He carried his aggressiveness over into the third quarter. He scored New York's first seven points of the third quarter, none bigger than a timely corner three that stopped an 11-0 Memphis run near the midpoint of the period. Felton then flashed this intensity again, chasing down his missed free throw in the game's final 30 seconds.

    He finished the night with 13 points (5-of-6 from the field), four assists and two turnovers in 32-plus minutes.

    The defensive end was not as kind to Felton. He struggled to keep the defensive-minded Allen off the scoreboard (18 points, 7-of-10) and had problems with Conley when those two matched up.

    Grade: B

SF: Iman Shumpert

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    In one of the more interesting matchups this game produced, Iman Shumpert was forced to deal with the bruising Zach Randolph on the offensive end. It was a matchup Knicks coach Mike Woodson looked to exploit early.

    Less than six minutes into the game, Shumpert had already made this game his second-most productive effort of the season. He hit all five of his field-goal attempts for 13 points during that time. Another shot wouldn't come his way until the last seconds of the first half, a corner three which Shumpert buried.

    But it was a tale of two halves for him.

    He forgot his shooting stroke in the locker room at halftime, missing all four of his field-goal attempts in the second half.

    Shumpert was forced to the sideline after picking up his fourth foul at the 7:09 mark of the third quarter.

    His physical defense afforded him some timely stops, but also contributed to his becoming a non-factor after the break.

    Grade: B-

PF: Carmelo Anthony

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    Carmelo Anthony's point totals don't always tell the true story of his effectiveness.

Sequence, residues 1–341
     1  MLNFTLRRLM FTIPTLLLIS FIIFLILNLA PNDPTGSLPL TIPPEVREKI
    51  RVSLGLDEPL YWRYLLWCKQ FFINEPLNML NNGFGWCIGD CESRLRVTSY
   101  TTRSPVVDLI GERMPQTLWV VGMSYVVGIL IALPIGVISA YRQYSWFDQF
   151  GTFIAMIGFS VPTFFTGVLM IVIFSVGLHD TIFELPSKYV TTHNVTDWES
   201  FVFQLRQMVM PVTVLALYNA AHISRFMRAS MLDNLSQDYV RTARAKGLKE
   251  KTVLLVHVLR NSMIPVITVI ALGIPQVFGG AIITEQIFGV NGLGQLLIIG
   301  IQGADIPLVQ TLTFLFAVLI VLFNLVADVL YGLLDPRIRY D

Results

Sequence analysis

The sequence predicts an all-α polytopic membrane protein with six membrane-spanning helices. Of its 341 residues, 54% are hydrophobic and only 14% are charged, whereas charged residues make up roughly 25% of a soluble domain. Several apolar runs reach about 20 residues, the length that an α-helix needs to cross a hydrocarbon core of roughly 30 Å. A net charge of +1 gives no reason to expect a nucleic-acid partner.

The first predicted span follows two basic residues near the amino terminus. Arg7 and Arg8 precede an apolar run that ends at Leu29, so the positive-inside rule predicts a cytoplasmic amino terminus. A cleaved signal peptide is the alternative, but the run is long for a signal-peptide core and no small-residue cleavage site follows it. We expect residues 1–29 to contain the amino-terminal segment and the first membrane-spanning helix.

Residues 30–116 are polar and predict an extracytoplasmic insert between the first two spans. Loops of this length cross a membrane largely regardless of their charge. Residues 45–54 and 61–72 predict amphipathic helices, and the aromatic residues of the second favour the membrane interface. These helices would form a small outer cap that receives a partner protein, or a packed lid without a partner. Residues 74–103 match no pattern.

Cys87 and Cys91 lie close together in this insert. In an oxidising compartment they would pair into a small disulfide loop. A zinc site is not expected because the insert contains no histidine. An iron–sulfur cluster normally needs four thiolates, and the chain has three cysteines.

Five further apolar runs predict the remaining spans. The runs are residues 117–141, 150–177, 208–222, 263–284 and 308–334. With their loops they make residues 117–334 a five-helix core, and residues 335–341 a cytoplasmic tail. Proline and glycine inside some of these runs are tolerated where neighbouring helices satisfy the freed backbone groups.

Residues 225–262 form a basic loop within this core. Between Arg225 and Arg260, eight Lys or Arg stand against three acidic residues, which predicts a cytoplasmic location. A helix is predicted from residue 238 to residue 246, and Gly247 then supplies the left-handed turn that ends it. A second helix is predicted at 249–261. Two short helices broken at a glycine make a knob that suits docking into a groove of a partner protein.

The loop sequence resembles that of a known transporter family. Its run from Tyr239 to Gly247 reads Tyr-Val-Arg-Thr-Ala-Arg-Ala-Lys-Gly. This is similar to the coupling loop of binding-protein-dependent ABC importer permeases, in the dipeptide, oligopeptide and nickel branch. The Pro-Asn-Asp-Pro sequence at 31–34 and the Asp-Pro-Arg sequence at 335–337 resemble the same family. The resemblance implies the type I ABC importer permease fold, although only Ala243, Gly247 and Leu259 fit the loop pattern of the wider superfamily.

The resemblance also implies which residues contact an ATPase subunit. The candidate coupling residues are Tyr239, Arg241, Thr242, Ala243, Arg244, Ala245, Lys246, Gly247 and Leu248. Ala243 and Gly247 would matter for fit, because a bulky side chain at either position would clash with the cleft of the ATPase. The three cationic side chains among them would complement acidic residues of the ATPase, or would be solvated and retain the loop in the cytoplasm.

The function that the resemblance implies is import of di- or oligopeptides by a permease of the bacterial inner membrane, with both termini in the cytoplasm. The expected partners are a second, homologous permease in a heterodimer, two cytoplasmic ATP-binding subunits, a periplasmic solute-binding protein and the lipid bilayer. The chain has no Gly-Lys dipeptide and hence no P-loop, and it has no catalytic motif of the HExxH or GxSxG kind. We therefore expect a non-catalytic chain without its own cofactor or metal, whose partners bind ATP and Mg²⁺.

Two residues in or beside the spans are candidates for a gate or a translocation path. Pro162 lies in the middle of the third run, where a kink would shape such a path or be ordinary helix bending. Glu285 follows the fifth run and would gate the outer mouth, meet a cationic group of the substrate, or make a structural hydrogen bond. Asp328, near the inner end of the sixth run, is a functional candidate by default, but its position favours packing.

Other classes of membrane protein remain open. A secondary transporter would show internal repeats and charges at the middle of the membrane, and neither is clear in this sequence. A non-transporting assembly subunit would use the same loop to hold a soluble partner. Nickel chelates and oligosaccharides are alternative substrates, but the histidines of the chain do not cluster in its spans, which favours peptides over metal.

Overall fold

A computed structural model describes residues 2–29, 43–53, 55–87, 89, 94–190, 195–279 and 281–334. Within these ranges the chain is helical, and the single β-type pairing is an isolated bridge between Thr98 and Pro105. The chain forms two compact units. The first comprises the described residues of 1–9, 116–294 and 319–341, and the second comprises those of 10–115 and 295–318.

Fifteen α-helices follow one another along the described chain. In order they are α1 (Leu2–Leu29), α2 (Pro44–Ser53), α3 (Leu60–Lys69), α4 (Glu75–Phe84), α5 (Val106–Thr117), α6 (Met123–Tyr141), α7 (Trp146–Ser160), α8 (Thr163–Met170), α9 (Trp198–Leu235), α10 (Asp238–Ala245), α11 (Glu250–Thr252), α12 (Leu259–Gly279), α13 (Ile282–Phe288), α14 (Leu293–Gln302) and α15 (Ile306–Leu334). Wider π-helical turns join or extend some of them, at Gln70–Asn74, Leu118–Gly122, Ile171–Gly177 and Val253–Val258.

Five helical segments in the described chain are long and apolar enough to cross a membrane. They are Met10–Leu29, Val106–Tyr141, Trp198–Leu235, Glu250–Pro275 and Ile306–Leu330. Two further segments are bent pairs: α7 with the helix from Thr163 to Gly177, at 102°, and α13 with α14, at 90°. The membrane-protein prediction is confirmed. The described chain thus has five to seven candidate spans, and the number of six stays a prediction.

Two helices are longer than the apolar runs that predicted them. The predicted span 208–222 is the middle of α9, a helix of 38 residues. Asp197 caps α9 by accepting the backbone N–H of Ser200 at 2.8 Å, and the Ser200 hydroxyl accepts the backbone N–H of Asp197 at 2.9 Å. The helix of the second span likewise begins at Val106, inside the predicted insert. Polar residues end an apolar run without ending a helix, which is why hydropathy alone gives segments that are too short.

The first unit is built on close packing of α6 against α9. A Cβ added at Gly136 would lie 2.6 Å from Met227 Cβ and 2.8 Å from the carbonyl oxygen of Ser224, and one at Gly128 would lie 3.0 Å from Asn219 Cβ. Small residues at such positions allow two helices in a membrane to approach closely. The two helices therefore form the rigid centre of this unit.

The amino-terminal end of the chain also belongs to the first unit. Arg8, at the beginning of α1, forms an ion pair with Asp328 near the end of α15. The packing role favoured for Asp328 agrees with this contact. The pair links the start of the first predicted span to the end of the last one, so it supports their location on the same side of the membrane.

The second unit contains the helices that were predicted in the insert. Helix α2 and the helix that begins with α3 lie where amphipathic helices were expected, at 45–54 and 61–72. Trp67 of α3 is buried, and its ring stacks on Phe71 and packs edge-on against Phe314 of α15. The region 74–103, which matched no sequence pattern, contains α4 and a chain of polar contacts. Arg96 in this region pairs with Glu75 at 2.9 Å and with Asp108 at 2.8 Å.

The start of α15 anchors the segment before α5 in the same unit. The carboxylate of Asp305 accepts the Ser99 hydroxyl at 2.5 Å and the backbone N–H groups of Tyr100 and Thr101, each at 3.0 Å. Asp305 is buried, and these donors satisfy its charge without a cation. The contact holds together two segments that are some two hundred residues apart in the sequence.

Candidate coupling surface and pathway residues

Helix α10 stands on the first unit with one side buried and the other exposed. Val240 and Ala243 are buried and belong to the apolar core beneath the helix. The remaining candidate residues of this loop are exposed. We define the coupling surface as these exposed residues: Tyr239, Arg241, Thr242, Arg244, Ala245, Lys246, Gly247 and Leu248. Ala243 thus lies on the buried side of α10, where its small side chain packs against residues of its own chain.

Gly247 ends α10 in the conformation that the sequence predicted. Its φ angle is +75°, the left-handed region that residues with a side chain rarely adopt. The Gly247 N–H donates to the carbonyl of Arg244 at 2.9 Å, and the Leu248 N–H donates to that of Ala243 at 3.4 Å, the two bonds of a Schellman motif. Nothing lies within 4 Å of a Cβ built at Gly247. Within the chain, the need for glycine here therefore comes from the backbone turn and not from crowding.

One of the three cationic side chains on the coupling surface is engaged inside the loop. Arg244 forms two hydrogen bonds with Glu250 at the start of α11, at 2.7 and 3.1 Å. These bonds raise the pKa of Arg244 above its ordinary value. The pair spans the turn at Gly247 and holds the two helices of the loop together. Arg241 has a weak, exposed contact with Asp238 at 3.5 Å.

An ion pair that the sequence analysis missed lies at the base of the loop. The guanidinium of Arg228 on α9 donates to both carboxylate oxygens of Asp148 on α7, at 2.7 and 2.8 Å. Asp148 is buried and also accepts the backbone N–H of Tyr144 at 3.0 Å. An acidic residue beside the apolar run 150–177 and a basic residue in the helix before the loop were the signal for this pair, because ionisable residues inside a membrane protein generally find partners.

His 22 points in this game gave him 51 for his last two games, but he's hit just 18-of-50 (36.0 percent) from the field over that stretch.

    He was plagued by the same inconsistencies that bothered his teammates. During some stretches, he was virtually unguardable, punishing defenders with his dribble or knocking down jumpers when given too much space.

    But whether a byproduct of the Knicks' desire to keep the ball moving or the Grizzlies' increasing defensive effort, he disappeared for stretches. He had a tough matchup with the lanky Tayshaun Prince standing opposite of him, but not one daunting enough to brush aside his 8-of-20 shooting night.

    When he put the ball on the floor, his quick first step often led him past Prince. When Darrell Arthur drew the unenviable task of guarding Anthony, 'Melo exploited his sizable talent deficiencies.

    But he didn't show the killer instinct that his team needed from him. Only six of those 22 points came in the final quarter.

    Still, he gave New York a badly needed presence on the glass (team-high-tying seven boards) and helped hold Zach Randolph to a woeful three-point night.

    Grade: B+

C: Kenyon Martin

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    With Marc Gasol back on the floor, Kenyon Martin faced a massive size disadvantage in the post.

    And that mismatch was notable from the opening tip.

    New York's perimeter-driven offense left Martin largely a spectator on that end. Defensively, he struggled to effectively match up with the Grizzlies' frontcourt without fouling.